Posted by Paul Stokes
RAID stands for redundant array of independent disks and provides an increase in storage reliability due to its redundancy of back up. RAID combines two or more hard drives into a single stand alone unit. Multiple disks set up as a RAID are considered to be in a RAID array. All data that is stored is distributed across multiple discs in the array but is seen by the operating system as one stand alone disk.
RAID systems utilize three key concepts, mirroring, striping, and error correction.
Mirroring is when identical data is contained on multiple disks. Mirroring can speed up reading because the information can be retrieved from more than one spot. Consequently mirroring can slow down writing when correct data must be confirmed in multiple locations.
Striping is when blocks of data are split across multiple disks. This is used primarily for increasing performance. Since the data is written in blocks to different disks it allows the data to be reconstructed from multiple disks faster than a single disk can process the same data.
Error correction is when redundant parity data is stored so problems can be detected and possibly repaired. This process generally slows performance since the data needs to be read from multiple places as well as be compared for consistency.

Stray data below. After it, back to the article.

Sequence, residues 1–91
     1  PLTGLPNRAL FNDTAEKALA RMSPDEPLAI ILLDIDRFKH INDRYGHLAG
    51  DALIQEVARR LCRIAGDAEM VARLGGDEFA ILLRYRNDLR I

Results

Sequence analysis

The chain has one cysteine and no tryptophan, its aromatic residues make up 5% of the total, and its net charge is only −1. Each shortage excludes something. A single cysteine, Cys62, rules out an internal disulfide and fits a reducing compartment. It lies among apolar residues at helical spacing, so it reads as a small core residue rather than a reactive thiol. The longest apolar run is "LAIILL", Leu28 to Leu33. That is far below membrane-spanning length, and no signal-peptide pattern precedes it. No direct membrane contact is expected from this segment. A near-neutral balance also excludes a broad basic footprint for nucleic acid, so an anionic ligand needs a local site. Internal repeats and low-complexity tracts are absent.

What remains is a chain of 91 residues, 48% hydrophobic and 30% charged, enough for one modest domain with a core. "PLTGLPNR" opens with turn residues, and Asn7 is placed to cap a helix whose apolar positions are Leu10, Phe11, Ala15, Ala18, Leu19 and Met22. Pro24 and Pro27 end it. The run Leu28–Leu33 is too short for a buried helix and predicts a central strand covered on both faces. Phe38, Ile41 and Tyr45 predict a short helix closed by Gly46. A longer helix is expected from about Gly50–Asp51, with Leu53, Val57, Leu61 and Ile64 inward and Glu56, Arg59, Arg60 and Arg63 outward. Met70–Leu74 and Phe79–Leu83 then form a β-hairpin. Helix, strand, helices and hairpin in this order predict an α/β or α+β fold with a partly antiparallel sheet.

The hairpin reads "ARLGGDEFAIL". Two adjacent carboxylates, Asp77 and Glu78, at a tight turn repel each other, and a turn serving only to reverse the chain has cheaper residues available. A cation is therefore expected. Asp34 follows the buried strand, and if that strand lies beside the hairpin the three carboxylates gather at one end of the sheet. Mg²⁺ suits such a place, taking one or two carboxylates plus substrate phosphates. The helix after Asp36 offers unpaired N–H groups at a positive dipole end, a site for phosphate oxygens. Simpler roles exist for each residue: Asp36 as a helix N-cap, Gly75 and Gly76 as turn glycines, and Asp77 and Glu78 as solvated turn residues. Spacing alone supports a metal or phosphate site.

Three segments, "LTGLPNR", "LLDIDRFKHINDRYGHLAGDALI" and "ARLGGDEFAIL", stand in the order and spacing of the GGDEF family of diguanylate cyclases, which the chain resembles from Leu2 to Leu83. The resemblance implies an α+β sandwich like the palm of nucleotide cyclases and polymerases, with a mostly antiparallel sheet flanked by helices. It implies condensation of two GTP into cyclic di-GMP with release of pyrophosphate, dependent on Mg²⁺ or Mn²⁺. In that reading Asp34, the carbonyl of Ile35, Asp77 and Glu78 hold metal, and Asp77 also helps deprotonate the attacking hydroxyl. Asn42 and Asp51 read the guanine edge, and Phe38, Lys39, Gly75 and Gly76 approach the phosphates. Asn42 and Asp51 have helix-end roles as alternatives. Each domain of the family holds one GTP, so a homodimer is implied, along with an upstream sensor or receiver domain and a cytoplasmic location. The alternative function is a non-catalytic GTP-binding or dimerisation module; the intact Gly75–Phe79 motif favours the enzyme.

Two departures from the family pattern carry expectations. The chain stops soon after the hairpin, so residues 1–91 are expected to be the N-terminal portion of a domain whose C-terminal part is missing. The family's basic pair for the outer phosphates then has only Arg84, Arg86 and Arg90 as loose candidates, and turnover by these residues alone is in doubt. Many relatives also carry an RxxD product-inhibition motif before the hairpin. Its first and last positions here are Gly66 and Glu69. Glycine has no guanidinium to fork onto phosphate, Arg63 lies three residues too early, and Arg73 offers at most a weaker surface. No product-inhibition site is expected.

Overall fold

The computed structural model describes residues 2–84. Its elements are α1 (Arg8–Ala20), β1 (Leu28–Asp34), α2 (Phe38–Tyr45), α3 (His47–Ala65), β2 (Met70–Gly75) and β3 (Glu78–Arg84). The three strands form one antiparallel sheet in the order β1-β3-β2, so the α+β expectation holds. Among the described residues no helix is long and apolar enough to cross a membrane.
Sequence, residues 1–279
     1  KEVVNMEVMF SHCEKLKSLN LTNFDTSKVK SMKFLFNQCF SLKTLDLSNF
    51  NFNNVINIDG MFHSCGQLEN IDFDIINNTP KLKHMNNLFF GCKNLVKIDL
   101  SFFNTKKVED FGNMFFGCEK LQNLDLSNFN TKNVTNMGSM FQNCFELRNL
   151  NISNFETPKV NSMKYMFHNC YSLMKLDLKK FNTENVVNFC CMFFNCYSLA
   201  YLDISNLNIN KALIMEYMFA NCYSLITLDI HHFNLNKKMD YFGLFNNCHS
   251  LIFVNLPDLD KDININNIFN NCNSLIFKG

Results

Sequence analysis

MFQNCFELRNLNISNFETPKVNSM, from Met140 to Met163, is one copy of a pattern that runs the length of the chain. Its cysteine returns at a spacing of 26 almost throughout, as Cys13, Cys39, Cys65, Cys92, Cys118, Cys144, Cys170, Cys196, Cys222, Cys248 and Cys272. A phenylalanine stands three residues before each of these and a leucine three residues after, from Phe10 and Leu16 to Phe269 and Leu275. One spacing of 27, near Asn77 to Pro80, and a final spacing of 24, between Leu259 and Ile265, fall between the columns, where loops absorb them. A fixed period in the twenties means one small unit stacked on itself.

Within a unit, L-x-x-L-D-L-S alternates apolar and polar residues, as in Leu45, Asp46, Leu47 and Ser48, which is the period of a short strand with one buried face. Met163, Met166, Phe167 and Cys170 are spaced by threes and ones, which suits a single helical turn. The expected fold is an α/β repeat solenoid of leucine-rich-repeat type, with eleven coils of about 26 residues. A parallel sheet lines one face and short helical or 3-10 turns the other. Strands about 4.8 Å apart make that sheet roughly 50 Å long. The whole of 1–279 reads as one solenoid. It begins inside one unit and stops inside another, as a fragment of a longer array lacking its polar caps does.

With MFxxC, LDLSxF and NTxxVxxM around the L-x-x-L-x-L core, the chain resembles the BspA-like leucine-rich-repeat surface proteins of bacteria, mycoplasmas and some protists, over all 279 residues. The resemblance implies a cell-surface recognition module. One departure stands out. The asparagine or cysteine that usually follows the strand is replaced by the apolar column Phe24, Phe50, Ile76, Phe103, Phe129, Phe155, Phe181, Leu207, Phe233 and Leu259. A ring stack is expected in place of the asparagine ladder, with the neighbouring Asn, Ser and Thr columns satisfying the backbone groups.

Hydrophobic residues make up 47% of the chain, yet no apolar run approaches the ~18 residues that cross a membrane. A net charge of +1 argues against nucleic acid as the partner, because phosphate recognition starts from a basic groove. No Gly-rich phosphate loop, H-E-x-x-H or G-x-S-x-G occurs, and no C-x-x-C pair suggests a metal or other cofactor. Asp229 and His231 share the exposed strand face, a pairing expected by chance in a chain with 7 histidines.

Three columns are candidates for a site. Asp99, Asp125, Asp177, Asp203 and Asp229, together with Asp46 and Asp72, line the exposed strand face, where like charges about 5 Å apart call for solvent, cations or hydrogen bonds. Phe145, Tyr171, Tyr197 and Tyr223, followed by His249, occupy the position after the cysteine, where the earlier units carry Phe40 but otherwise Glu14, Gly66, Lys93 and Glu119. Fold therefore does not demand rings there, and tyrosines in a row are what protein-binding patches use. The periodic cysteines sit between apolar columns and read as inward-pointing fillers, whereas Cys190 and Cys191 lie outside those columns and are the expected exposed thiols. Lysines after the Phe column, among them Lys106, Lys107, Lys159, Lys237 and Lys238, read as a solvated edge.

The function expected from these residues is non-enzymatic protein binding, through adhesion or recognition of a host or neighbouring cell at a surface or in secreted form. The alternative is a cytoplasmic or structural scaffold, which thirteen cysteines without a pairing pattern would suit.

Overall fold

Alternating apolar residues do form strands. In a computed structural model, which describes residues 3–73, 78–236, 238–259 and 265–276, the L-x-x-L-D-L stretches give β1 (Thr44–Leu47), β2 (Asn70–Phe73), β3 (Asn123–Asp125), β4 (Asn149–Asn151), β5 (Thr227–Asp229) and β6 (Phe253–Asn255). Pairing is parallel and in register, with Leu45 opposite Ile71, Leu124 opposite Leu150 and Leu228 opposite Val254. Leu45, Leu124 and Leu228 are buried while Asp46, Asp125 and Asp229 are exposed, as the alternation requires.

RAID systems will use one or more of these key concepts to protect data. These concepts are used on various combinations to improve reliability and increase the availability of data, protecting important data in the event of hardware failure, and sometimes to increase the speed of data input and output.
RAID in most cases should not be considered back up. The goal of RAID is to prevent you from having to retrieve your backups and avoid downtime. RAID systems with redundancy can avoid interruption in the event one or possibly more disks in the array should fail. Once a failure of a disk occurs, that disk is replaced and the array will automatically rebuild while the system continues to operate normally. In some cases the system may need to be shut down during a disk swap. If it’s important that your system stay running you will need to make sure the RAID you set up supports hot swapping. This allows drives to be replaced without powering down the RAID.